The causes of the decline in income inequality in Latin America--an empirical analysis.


15 December 2014


Left-of-centre governments emphasized fiscally-prudent but more equitable macroeconomic, tax, social expenditure and labour policies

A drop in the premium paid to skilled workers following a rapid expansion of secondary education decreased wage inequality

* Over the last three decades Latin America has seen an increase in the working age population relative to people of non-working age, as well as a higher participation rate of the poor in the workforce. These factors contributed in a direct but minimal way to the recent improvements in the distribution of income per capita.

* This decrease in the skill premium appears to have played a central role in improving the distribution of income. While the reasons for this require further research, it is clear that a steady and equitable rise in investments in education had large and favourable effects.

* The 2000s recorded a remarkable shift in political preferences towards progressive regimes, which introduced reforms committed to reducing inequality. In most countries, this included policies such as managed exchange rates, neutral or countercyclical fiscal and monetary policy, rapid accumulation of reserves, and an active role of the state in labour and social welfare policies.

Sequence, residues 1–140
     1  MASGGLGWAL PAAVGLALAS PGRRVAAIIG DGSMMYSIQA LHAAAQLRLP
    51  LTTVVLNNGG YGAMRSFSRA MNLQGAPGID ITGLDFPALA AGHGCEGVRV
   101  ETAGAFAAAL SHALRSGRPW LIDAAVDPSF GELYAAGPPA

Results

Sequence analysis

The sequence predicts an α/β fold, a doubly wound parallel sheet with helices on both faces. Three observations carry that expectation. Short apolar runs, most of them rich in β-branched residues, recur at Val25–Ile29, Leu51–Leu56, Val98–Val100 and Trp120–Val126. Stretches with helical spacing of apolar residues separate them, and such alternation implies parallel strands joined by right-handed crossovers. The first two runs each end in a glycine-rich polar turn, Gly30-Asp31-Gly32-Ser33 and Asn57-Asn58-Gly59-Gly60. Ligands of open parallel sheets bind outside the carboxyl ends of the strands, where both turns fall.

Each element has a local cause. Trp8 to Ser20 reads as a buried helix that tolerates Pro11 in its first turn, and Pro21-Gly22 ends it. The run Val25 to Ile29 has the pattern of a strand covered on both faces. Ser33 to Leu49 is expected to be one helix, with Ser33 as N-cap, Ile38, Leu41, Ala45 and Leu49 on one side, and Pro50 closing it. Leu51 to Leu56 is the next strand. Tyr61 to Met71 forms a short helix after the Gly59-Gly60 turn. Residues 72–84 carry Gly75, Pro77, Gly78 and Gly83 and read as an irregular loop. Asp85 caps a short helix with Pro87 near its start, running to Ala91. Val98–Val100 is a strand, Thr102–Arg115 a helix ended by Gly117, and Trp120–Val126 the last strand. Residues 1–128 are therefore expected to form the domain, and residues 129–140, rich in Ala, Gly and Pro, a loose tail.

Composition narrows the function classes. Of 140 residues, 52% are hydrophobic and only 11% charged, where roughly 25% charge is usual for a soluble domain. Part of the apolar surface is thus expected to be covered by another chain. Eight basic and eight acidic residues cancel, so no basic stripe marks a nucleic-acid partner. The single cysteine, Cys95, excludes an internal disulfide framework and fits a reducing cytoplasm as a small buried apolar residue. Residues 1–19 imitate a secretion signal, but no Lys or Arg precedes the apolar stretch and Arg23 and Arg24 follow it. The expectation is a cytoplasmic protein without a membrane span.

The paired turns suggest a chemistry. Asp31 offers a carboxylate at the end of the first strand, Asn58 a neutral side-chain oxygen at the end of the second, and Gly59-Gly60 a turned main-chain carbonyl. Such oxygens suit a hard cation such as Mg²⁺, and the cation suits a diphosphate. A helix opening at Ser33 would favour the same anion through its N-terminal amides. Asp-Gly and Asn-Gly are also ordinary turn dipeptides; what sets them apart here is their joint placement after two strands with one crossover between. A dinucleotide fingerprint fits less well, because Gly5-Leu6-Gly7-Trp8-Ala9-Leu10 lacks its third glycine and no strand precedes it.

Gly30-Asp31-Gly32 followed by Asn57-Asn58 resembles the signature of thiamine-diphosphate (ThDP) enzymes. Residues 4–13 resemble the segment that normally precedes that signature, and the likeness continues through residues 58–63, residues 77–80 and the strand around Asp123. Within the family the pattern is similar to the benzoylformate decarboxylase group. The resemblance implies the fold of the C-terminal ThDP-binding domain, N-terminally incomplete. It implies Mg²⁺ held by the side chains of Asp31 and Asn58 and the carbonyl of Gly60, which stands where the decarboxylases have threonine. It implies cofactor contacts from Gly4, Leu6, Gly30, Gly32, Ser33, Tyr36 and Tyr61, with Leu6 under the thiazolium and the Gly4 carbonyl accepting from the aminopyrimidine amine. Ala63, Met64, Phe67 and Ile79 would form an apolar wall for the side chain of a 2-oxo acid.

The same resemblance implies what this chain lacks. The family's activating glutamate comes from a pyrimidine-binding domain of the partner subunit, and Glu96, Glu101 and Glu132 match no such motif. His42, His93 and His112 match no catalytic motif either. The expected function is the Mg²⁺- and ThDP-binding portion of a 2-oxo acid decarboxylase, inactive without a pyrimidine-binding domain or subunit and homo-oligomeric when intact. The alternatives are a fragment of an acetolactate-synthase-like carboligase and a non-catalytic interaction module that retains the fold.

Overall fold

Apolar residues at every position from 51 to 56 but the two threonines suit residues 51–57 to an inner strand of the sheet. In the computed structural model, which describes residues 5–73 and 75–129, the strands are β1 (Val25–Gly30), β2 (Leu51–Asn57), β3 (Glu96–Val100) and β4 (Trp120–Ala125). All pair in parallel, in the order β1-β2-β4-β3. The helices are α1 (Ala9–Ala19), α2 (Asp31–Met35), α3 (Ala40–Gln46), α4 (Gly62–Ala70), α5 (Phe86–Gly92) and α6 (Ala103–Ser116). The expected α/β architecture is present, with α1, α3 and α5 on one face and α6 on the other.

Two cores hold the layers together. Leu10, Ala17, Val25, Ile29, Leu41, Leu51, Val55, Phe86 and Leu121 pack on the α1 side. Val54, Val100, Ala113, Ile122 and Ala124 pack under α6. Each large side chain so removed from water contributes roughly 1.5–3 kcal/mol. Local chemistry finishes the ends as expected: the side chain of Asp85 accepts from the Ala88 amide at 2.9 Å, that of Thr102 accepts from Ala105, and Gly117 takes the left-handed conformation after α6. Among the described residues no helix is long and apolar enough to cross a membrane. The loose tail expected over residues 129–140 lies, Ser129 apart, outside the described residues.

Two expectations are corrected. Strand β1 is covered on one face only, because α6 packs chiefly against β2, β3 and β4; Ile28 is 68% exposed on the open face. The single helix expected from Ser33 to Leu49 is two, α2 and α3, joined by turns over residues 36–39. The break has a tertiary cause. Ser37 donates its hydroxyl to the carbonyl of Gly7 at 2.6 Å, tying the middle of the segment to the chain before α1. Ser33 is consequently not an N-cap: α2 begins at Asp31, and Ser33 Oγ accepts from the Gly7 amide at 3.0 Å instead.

Addressing continued inequality

In recent years, many Latin American countries have enjoyed sizeable drops in income inequality. Such a decline has no parallel in other developed or developing regions. The reasons behind this have differed from country to country, but a few common factors stand out from the research.

* On average, improvements in external conditions--especially an increase in the volume of exports from Latin America and increased prices for commodities--played a perceptible role in reducing inequality by raising incomes, employment, and revenue collection.

In much of the region, an increase in tax revenue through changes in tax policy as well as rising minimum wages appear to have influenced the recent inequality trend. Increased social expenditure on schemes like conditional cash transfers were also significant. In contrast, the recent shifts in exchange rate policy in favour of devaluation contributed only modestly or not at all to the recent inequality decline.

The continued decline in inequality during the 2009 crisis suggests that the new inequality trend is likely to stick. If the 2002-10 pace of the decline in inequality were to continue for another two to three years, it...

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